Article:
Students brave treacherous sidewalks

The first of (hopefully) many snow days this semester came on Feb. 22. The 289 tree-lined acres of the College’s suburban Ewing Township campus were transformed into a magical winter wonderland dotted with snowmen, igloo forts and snow caterpillars.

Many students enjoyed their day off from class in true College spirit. They either slept in late, had snow fights with each other or innocent bystanders and/or started drinking at noon. Aside from the obvious dangers of getting hit in the face by a rogue snowball or rolling your ankle in the snow so badly you couldn’t walk the next day, there was another, potentially more perilous snow-related issue: poorly maintained walkways.

That fateful Friday morn, after having awoken at the crack of noon, I noticed the all-too familiar rumbles in the tumbles – hunger pangs, if you will. I took it upon myself to make the trek from Townhouses East (The Fillmore East, as we residents of house seven call it) to Eickhoff Hall. Desiring something delicious and nutritious to feed the need, I probably should have reconsidered my choice, but the decision had been made.

I emerged from the townhouse with naught but the idea of a meal in my stomach. To my dismay, although not so much my surprise, the path through the townhouses had nothing but a few tire tracks through the snow. No plow, no shovel, no salt and no sign saying “Watch out! It’s slippery because no one thought it a good idea to provide pedestrians with a relatively safe path to walk through.” Nothing.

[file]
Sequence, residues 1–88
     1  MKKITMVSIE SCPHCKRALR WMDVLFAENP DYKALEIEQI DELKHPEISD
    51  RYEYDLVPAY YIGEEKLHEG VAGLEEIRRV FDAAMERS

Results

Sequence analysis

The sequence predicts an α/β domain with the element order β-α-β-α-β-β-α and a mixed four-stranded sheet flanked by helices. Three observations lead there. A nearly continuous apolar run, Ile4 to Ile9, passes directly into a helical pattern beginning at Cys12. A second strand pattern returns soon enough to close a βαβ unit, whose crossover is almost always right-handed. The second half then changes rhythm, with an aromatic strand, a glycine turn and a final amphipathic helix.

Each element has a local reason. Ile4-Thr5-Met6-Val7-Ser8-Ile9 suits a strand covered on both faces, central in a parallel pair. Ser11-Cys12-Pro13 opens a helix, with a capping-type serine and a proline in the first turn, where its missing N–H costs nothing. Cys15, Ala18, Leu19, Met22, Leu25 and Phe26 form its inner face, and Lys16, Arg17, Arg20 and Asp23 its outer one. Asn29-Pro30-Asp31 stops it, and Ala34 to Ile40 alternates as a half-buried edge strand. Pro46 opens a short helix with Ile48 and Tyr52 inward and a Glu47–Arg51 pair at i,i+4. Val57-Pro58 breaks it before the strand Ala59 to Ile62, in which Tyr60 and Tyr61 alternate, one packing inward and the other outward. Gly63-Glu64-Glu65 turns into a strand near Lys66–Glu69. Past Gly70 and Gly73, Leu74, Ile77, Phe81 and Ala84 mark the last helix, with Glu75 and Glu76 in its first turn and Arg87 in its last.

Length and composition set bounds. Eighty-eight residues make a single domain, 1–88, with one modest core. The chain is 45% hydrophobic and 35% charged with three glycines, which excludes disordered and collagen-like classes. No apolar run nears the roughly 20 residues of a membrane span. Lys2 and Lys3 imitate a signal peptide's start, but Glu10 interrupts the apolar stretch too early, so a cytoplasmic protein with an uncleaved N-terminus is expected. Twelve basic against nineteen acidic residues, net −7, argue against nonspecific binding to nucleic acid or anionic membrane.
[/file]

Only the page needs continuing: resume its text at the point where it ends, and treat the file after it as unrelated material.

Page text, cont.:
Without the proper gear of tennis racquets to strap to my sneakers, a sled or a sick pair of man Uggs, I decided to brave the venture anyway. I had hardly made it halfway to Metzger Drive when my ninja-like reflexes kicked in to prevent me from busting my ass on a slick patch of icy treachery.

As I made my way past the Decker Hall parking garage and continued up the path toward the tennis courts, I encountered even more slushy mayhem. In the event that any sort of maintenance had been done to these paths, it didn’t amount to much.

I would have thought the College’s groundskeeping squad would have jumped at the chance to actually use their new little fancy green John Deere go-cart with a mini-plow attached to the front. I guess I was wrong.

Outside of Eickhoff was no better. Piles of dirty snow mush and melty runoff did not contribute to the exhilarating experience of having made this futile journey.

I don’t blame the maintenance squad for the horrid walkway conditions that day; they were probably playing in the snow too. If anything or anyone is responsible for this anti-plow, anti-salt incident it is a gross lack of leadership. Ron Paul wouldn’t have let this happen. Ever.